Brent Ozar: See, we’ve already talked about virtual machines and I would have guessed that was virtual machines because it looks like pizza boxes, but that’s not it. Let’s see how the attendees do. Tran is typing. Tran says a node.
Paul Andrew: Not a node.
Brent Ozar: Crash Dan says cache…
Paul Andrew: Data bricks, yeah – it does look like a Redis cache… How about this one? A little bit more intuitive, I think, this one…
Brent Ozar: Breaking Bad? Gene says Azure Machine Learning.
Paul Andrew: ML, yes. They’re waking up now, aren’t they? Either they’re looking at the portal or we’re getting them engaged.
Brent Ozar: You’ve hit the parts that Daniel uses, or that Gene uses, yes.
Paul Andrew: How about this one?
Brent Ozar: What the – Tran says storage.
Paul Andrew: Yes, storage. Good. Sticking with the storage theme, a folder with a lightning bolt.
Brent Ozar: This is the file service thing, but I forget what it’s called? No?
Paul Andrew: You can swim in it. That’s probably a big hint.
Brent Ozar: So Tracy says cache; Thomas says Data Lake.
Paul Andrew: Data Lake, yes, Data Lake storage.
Brent Ozar: What sense does that make? Do you want to swim where there’s electricity in the air?
Paul Andrew: Who knows. To accompany our Data Lake store, we might have this…
Brent Ozar: Let’s see what people come up with. Crash Dan says pool, but that’s not it. Let’s see – Gene is typing again. Gene might have it. Data Lake analytics?
Paul Andrew: Yes, correct. Good. How about this one? Quite intuitive again, I think. Data Factory…
Brent Ozar: Data Factory…
Paul Andrew: Good work, yeah. If we have a custom activity in our Data Factory, we might need this – is the best hint that I can give you.
Brent Ozar: Web jobs, Gene says.
Paul Andrew: Not a web job. Any other takers?
Brent Ozar: Logging, Engineering SQL says…
Paul Andrew: This is the Azure batch service. So we will talk about this one in a bit as well. Okay, moving swiftly on, serverless compute, people. We’ve got some more lightning bolts going off here. Automation, yes, on the money. Okay, that was an easy one. Similarly with the lightning bolts…
Brent Ozar: A couple of people typing. Function app?
Paul Andrew: It is a function, yes; Azure functions. Good work. I think this is quite a nice one. This one makes sense to me.
Brent Ozar: Azure baby-making?
Paul Andrew: Logic apps, yes. Somebody in Q&A. How about this one? This is the platform as a service version of our SQL Server friend.
Brent Ozar: The crowd goes – well, Robert Rice is typing, Tom’s typing. Flash isn’t good, someone says. Yes, I agree, Flash is dead. The iPhone killed that ten years ago. Availability Groups?
Paul Andrew: It’s analysis services, that one. We’re nearly there.
Brent Ozar: I was going to say, I don’t know what we’re learning. It’s not good. We’re not smart. Oh, this is bowling.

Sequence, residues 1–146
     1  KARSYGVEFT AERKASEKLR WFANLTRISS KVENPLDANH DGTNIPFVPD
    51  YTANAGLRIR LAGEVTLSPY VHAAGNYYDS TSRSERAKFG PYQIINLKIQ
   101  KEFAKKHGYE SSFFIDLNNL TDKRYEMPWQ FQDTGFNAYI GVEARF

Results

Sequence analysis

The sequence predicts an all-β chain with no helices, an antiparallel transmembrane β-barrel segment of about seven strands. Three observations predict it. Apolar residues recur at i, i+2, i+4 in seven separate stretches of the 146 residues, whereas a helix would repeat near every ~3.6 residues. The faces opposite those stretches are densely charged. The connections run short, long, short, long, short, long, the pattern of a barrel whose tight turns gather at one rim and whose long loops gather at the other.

Paul Andrew: This is real-time data; if we want an endpoint for real-time data, we might send it to one of these.
Brent Ozar: The crowd is silent on this one. There’s not even any typing going on.
Paul Andrew: This is the Azure event hub. Similarly, for our events – this is quite a hard one. I don’t know if anyone’s using this one yet. This is the event grid. I’ll move on from our real time data and we might put it through this service.
Brent Ozar: That’s kind of a nice icon. I like that. It’s like a cog with a hairdo.
Paul Andrew: Stream analytics, yes. Good work.
Brent Ozar: Robert says cog comb-over.
Paul Andrew: We could rename it to that, I think. This one – I think this is a tricky one that catches people out. That one is the data catalogue. It’s quite a nice tool that one. This one, this is certainly more important for us, I think, these days.
Brent Ozar: Key store?
Paul Andrew: Yeah, key store, key vaults is its actual name. We’ll take that. Okay, last one, the one that underpins all Azure services.
Brent Ozar: Meat bags.
Paul Andrew: We should all know this.
Brent Ozar: Our survey says – we’ve got a couple of people typing. Oh no, they backspaced out. Coffee, Daniel says.
Paul Andrew: Okay, caffeine, yeah. Good stuff. Thank you for playing the Azure icon game. You win absolutely nothing. If you’d like to play along at home, I do recommend getting the stencils for Visio, which, I say, is probably when we’re architecting solutions, I spend a lot of my time scrolling through there trying to find the right icon. So yeah, do go and get that and you too can play along at home. Good, so hopefully we’re now all warmed up. Brent, are you feeling warmed up?
Brent Ozar: I am, I am, yes. I now feel completely incompetent.
Paul Andrew: Oh, this is just a thing just to help as a primer. Okay, so my main session then, By My Azure DBA, or DSA. So this was, I think, an abstract and a talk that I put together about a year ago now and it was very much just a cry for help. So as I’ve already said, I spend a lot of time working with the Azure services and doing things, and my role has very much changed now to be a BI dev, if you like, but in Azure. And there are lots of problems that we face with some of these services and I basically just needed some help with them. And when you’re living on this ragged edge of development, all too often, I will search for an answer using our favorite tool Google and I’ll get no results. So it was really just a cry for help about a year ago now when I had certain issues that I wanted – oh, there must be somebody out there that is now going to be moving into this Azure space, a bit like I am, and they could probably help me out.